World Game – first proposed in 1961
When Buckminster Fuller proposed World Game in 1961, the technology did not exist to implement his vision. Only now can a World Game be implemented using geo-aware technologies, internet-supported collaboration, ubiquitous computing, and increasingly sophisticated social networks to support coordinated decision-making, innovation, responsible entrepreneurship, and collaboration across the globe.
Of World Game Buckminster Fuller wrote: “I review planetary resources in terms of today’s gained know-how, to see whether there’s any way we might be able to do much more with much less, to be able to take care of everybody. All political systems and wars based on scarcity would become obsolete. World Gaming is played, not like checkers against an enemy but against ignorance, inertia, and fear. The World Game proves that John Von Neumann’s theory of war gaming, which holds that one side or the other must ultimately die, either by war or starvation, is invalid and offers a heretofore unconsidered alternative way to play the war game in which, as in mountain climbing, the object is to find all the moves by which the whole field of climbers would win as each helped the other so that everyone reached the mountaintop successfully. I think of my World Game as a way to bypass politics, human ignorance, prejudice, and war and put the facts before man and the whole world to try to deal with them coherently. We have never so far made the attempt to take our collective destiny into our own hands, and shape it.”
How did he propose to implement a vision so ambitious? Buckminster Fuller’s 1961 proposal for World Game was a vehicle to stimulate collective brainstorming about how to address global sustainability. In the decades of the 1960s and 1970s large groups met in school gymnasia with butcher paper and colored markers to develop strategies to match world resources to world needs. These sessions raised awareness about the challenges of resource distribution, population growth, and the interconnectedness of global sustainability challenges.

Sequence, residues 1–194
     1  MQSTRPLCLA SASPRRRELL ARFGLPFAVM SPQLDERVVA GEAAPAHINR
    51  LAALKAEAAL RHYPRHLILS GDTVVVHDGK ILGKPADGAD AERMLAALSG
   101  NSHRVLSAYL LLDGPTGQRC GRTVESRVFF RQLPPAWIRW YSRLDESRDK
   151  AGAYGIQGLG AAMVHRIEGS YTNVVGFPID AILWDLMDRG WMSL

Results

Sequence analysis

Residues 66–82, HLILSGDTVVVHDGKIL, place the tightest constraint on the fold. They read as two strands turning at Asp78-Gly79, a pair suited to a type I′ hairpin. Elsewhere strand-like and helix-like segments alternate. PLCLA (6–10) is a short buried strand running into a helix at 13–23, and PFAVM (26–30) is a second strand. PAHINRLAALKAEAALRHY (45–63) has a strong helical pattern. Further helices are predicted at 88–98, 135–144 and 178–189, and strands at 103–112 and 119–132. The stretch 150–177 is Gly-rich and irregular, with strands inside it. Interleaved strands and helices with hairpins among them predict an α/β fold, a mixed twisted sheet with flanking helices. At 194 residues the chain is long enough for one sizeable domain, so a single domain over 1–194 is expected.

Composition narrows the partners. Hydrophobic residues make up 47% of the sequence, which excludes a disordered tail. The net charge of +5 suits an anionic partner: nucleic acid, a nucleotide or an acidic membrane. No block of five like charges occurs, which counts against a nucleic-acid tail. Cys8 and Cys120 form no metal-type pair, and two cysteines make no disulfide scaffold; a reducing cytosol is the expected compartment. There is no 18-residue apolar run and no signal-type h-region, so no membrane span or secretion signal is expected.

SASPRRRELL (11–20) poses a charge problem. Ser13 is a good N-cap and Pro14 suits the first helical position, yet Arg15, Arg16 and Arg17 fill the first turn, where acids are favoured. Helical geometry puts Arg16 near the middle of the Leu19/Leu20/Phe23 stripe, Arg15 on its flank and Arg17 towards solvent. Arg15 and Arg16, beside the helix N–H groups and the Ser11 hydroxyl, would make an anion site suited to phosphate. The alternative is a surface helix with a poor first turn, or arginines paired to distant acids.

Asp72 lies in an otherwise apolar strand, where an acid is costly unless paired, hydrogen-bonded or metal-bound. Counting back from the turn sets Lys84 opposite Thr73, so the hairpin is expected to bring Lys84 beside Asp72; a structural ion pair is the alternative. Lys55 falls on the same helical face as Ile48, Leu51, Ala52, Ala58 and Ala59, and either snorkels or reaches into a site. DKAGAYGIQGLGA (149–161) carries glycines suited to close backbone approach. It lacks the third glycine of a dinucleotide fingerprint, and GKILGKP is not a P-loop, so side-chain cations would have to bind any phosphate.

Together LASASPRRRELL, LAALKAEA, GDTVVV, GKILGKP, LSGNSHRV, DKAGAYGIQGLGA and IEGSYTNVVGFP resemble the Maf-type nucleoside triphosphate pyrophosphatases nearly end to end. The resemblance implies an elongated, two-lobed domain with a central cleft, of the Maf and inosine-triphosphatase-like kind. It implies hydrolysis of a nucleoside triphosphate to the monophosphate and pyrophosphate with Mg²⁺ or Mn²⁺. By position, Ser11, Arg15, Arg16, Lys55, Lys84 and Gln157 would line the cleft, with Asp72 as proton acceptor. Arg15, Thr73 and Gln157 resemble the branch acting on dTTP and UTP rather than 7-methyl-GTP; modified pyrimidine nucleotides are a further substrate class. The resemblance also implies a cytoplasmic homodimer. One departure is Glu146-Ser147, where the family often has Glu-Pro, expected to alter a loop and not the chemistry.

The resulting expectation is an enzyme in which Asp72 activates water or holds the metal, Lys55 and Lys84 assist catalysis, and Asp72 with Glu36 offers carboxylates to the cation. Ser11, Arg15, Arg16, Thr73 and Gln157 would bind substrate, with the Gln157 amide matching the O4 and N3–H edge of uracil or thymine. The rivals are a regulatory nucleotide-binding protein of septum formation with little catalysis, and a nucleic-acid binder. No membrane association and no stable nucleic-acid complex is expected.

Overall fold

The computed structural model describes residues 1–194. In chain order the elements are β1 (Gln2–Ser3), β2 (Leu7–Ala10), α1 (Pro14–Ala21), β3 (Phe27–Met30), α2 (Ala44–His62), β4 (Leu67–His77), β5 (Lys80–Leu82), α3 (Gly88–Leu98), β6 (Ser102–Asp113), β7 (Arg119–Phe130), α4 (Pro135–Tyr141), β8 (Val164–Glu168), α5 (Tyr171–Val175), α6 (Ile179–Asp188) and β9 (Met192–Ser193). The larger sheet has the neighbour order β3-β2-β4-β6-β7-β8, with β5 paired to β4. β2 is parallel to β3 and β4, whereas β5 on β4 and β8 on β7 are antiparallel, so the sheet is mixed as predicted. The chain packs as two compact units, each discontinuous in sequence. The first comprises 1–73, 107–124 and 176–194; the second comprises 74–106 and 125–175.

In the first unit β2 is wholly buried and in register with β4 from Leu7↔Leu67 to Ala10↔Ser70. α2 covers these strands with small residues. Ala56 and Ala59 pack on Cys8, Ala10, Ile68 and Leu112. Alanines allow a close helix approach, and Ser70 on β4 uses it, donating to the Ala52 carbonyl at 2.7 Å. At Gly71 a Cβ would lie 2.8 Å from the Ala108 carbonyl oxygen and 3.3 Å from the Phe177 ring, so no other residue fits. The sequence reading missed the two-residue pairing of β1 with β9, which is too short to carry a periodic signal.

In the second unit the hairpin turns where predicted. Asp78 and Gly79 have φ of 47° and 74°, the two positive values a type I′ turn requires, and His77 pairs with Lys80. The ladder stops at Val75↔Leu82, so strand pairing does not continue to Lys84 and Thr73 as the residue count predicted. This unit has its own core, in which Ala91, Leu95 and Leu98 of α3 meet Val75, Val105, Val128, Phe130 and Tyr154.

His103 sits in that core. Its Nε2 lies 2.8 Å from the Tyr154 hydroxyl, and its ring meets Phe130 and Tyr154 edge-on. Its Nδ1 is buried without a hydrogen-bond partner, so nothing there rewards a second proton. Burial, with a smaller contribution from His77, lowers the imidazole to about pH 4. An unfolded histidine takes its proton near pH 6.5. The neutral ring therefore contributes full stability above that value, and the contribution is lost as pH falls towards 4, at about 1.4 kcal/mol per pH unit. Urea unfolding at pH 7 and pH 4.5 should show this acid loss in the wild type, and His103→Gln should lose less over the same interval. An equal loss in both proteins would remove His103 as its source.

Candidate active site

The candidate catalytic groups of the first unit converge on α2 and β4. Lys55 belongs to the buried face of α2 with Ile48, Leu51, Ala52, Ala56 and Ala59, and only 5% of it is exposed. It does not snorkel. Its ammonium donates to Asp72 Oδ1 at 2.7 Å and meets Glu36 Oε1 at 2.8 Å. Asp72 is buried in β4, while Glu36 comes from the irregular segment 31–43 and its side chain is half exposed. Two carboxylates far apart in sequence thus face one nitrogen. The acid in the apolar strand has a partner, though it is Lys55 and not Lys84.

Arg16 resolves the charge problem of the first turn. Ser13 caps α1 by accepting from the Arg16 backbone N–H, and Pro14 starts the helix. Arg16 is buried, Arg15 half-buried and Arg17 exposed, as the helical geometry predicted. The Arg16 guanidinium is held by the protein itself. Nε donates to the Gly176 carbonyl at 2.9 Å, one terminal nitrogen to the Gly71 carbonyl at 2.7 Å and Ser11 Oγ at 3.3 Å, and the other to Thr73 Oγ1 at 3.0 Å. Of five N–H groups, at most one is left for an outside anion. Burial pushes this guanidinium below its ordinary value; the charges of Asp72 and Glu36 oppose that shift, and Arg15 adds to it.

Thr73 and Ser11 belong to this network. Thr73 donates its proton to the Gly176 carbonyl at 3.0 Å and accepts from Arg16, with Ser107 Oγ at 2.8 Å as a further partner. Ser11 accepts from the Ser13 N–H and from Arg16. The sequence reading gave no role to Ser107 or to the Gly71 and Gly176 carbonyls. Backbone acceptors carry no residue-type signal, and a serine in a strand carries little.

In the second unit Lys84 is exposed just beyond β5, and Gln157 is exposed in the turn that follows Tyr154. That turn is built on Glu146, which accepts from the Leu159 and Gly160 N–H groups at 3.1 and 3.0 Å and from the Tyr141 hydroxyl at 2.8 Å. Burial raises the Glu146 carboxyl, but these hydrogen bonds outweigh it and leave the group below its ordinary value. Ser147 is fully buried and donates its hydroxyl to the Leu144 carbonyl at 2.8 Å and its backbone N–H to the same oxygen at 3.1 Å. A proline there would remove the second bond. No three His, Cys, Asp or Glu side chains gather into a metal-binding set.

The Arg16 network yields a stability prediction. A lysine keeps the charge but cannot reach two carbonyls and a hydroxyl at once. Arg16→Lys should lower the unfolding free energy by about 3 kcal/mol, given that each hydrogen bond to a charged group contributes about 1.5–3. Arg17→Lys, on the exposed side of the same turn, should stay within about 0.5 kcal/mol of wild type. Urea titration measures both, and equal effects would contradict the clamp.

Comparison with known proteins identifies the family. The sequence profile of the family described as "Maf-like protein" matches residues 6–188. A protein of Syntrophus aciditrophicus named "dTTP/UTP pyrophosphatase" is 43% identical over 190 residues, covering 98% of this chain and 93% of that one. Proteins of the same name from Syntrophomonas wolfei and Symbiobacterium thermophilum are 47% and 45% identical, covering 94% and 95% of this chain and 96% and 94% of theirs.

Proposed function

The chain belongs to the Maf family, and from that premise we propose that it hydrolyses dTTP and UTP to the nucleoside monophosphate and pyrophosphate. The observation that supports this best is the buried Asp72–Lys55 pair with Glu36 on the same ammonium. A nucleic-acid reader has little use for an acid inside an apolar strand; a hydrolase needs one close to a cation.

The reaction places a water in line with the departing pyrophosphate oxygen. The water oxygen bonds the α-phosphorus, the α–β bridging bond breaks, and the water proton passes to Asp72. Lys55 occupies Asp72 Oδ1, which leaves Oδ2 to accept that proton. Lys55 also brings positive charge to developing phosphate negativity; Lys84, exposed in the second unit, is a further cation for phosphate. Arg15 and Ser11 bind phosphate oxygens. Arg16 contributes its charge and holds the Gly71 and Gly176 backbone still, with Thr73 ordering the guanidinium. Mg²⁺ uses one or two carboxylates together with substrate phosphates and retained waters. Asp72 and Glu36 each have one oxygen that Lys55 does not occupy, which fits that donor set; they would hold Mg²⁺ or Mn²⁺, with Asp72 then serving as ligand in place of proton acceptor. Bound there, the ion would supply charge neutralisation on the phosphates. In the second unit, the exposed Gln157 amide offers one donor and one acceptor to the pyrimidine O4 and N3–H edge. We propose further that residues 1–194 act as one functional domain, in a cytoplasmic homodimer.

Fuller coined the concepts of Comprehensive Anticipatory Design Science (1951), “World Game” (1961) and “Spaceship Earth” (1963). Considered together, these three concepts call for greater emphasis on synthesis (design science), gaming, and ecosystems. Design Science challenges us to bridge C.P. Snow’s two cultures (1959), so that design and science can collaborate to shape environmentally sustainable futures on Spaceship Earth.
Buckminster Fuller’s concept of Design Science focused on the principles of synergetics, and their proof of concept, initially on a small scale. 2011, the fiftieth anniversary of R. Buckminster Fuller’s first publication of the idea of World Game (1961). His ideas were ahead of their time, resisted when first proposed, but are increasingly being accepted as society embraces the urgency of environmental sustainability. While there is much emphasis on developing new, sustainable technologies, insufficient emphasis is placed on the larger challenge of decision support.
Buckminster Fuller carved powerful metaphors to convey foundational ideas. In the following sections I start from five well-known position statements of Buckminster Fuller, each of which introduces a critical principle of collaborative intelligence.
First, in “the origins of specialization” Fuller links specialization to the “divide and conquer” philosophy of the power elite for control and exploitation, putting forward the provocative insight that through specialization we lost our abilities as designers and our power to anticipate the impacts of design decisions on humanity. Design was relegated to a cubbyhole to be yet another specialized profession.
Second, in “I seem to be a verb” Fuller invokes ordinary life experience, with its constant lessons and opportunities for design thinking. He turned himself into “Guinea Pig B” (“B” for Bucky), testing his ideas in the design of his own life. He viewed his own creative life trajectory, and its documentation, as a vehicle to inspire others.